temperature have no effect. Predicted heat transfer
coefficient = 5250 W/.
Step 2 : Authenticate / Analyse: Using the properties
given below,

it is found that the Reynolds number for the water in the

tubes is:
Re = u / =(1.83)(997.4)(1.5)(0.0254)/(9.8 x )= 71 x
(ie turbulent flow).
the Sieder-Tate equation to check the prediction:

hD/k = (0.023)


Take ratio of equation (11.1) for the two conditions given above
(with D being the same for both conditions), and rearrange and
substitute numerical values. Using the sign() to identify the new
conditions at C,
h/h =


= (1)(1.50)(0.973)(1.73)(1.00)(1.08) = 2.725
h = (2.725)(5250) W/
Hence initial assumption velocity & temp has no effect is incorrect.

h = (2.725)(5250) W/
Hence initial assumption velocity & temp has no effect is

(11.3) shows velocity effect with a factor of 1.5 and viscosity


effect of a factor of 1.73. All other factors are close to 1.0.

h/h =


= (1)(1.50)(0.973)(1.73)(1.00)(1.08) = 2.725
Step 3 : Re-evaluate / Rethink: The original assumptions that velocity &
temperature had no effect oh heat transfer coefficient have been
rejected. Improved assumptions for future predictions as follows:
1. The temperature effect on viscosity must be evaluated.
2. The effects of temperature on , , and k are negligible.
3. Pipe diameter has a small effect on h (all other things being equal)
4. Results are limited to the range where Sieder-Tate equation is valid.

With these assumptions, the values for water at C are

substituted into equation (11.2), creating a useful heuristic
for evaluating the heat transfer coefficient of water:



h (W/C) =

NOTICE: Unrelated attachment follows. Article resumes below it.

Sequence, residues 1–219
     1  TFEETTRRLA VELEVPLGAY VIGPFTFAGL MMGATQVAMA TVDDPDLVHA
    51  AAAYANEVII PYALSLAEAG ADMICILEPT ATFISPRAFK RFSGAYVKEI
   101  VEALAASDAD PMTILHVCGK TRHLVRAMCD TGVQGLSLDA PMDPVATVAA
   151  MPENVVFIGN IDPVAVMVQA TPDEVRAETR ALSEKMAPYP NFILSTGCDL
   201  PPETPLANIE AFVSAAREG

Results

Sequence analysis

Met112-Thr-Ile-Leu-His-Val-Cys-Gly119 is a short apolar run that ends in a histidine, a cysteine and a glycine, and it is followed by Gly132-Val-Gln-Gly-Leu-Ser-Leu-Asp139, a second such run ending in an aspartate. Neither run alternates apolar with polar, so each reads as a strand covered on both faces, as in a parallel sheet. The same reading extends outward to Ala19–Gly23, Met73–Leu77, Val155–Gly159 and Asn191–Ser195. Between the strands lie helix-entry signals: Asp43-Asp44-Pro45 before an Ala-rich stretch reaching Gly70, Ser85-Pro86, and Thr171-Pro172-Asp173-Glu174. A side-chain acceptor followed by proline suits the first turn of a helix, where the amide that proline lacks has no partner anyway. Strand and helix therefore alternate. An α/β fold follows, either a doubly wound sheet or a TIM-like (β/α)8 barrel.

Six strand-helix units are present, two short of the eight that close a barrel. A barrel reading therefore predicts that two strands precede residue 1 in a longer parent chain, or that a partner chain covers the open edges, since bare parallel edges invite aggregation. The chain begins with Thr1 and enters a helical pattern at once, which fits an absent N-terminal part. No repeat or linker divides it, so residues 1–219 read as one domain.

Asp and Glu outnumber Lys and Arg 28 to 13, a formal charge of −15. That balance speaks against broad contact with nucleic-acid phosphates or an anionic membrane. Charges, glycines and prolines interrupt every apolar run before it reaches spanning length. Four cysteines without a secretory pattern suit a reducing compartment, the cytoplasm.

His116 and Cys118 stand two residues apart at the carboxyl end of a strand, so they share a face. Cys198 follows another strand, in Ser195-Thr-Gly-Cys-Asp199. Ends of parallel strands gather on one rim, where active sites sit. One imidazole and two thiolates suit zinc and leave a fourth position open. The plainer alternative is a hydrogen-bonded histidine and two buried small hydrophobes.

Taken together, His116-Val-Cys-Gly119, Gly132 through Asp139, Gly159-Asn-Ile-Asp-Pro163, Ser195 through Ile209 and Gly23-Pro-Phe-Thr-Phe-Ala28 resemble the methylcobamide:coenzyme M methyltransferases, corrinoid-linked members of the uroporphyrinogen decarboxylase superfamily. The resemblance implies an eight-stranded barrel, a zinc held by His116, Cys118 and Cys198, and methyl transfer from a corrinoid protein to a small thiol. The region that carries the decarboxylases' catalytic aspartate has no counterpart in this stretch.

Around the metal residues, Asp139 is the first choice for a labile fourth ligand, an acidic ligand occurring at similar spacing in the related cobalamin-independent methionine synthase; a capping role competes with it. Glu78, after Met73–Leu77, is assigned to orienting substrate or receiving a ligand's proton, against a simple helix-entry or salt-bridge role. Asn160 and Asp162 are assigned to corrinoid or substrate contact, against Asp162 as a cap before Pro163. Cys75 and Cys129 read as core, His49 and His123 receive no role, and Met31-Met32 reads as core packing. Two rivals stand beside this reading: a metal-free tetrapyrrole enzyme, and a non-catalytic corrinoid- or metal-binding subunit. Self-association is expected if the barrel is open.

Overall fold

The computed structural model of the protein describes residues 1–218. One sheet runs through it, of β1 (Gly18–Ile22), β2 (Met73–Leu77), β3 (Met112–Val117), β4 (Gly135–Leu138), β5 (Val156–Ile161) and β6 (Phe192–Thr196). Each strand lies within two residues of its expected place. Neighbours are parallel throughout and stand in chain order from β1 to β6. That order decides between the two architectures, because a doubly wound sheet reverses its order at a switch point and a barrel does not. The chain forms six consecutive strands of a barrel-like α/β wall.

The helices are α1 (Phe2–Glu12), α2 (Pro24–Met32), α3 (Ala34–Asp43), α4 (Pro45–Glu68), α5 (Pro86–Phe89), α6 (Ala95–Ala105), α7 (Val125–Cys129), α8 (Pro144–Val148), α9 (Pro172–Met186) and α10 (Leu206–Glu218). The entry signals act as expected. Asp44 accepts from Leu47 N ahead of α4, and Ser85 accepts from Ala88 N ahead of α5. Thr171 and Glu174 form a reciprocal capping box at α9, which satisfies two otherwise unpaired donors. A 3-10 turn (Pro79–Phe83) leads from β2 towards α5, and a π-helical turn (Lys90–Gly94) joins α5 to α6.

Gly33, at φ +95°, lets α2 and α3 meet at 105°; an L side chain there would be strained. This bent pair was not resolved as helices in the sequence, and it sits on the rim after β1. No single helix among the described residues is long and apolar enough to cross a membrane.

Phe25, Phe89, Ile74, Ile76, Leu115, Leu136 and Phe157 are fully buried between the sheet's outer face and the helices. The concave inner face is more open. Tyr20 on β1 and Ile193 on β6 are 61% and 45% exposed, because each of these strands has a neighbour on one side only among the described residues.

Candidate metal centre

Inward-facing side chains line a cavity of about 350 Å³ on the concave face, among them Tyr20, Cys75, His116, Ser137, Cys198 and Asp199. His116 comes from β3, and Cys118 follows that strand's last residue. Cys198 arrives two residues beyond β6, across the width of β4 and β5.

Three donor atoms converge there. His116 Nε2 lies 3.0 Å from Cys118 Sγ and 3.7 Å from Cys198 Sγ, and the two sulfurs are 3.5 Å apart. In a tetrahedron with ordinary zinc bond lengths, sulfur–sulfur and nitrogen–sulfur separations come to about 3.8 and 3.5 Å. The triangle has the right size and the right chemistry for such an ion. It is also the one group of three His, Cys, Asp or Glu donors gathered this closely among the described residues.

valid for in (m/s) & (kg/m/s)

Takes longer to obtain a solution when you start to apply the

PAR process, but the development of the heuristic & the
addition of a more in-depth understanding of the factors
that are important, offer advantages.


Walas (3) gives a good collection of technical heuristics
and guidelines. Some are presented in Thurton et al.

Example 11.2 (pg 319)

Refer to the info given in Chapter 1 for the toluene

hydrodealkylation process, namely, Fig 1.7 (corrected 1.5)
and Tables 1.5 and 1.7. Using the info provided in the tables
in this chapter 11, estimate the size of the equipment and
other operating parameters for the following units:
(c) P-101
(f) H-101
Compare your findings with the info given in Chapter 1.

Estimate the size of the equipment and other operating

parameters for the following units: V-102
compare your findings with the info given in Chapter 1.

(a) V-102 High Pressure Phase Separator

From Table 11.6, the following heuristics are used:

Rule 3 Vertical vessel
Rule 4 L/D between 2.5 and 5 with optimum at 3.0
Rule 5 Liquid hold-up time is 5 minutes based on volume of
Rule 9 Gas velocity is given by


where k = 0.0305 for vessels without mesh entrainers

Rule 12 Good performance obtained at 30% - 100% of u from Rule

From Table 1.5:

Vapour flow = Stream 8 = 9200kg/h, P = 23.9 bar, T = C

flow = Streams 17 + 18 = 11,570 kg/h, P = 2.8

bar, T = C
= 8 kg / and = 850 kg /(estimated from Table 1.7)
From Rule 9, u = 0.0305 = 0.313 m/s
Use = (0.75)(0.313) = 0.23 m/s
Now mass flow rate of vapour = u/4 = 9200/3600 =
2.56 kg/s
Solving for D = 1.33m.

From Rule 5, the volume of liquid = 0.5 L /4 = 0.726L

5 min of liquid flow = (5)(60)(11,570)/850/3600 = 1.13
Equating the two results above, L = 1.56m
From Rule 4, L/D should be in the range 2.5 to 5. For this case
L/D = 1.56/1.33 = 1.17. Because it is out of range, change to
L = 2.5D = 3.3m. Heuristics from Table 11.6 suggest that V102 should be a vertical vessel with D = 1.33m, L = 3.3m.
From Table 1.7, the actual V-102 is a vertical vessel with D =
1.1m, L = 3.5m.
Thus it can be concluded that the design of V-102 in Chapter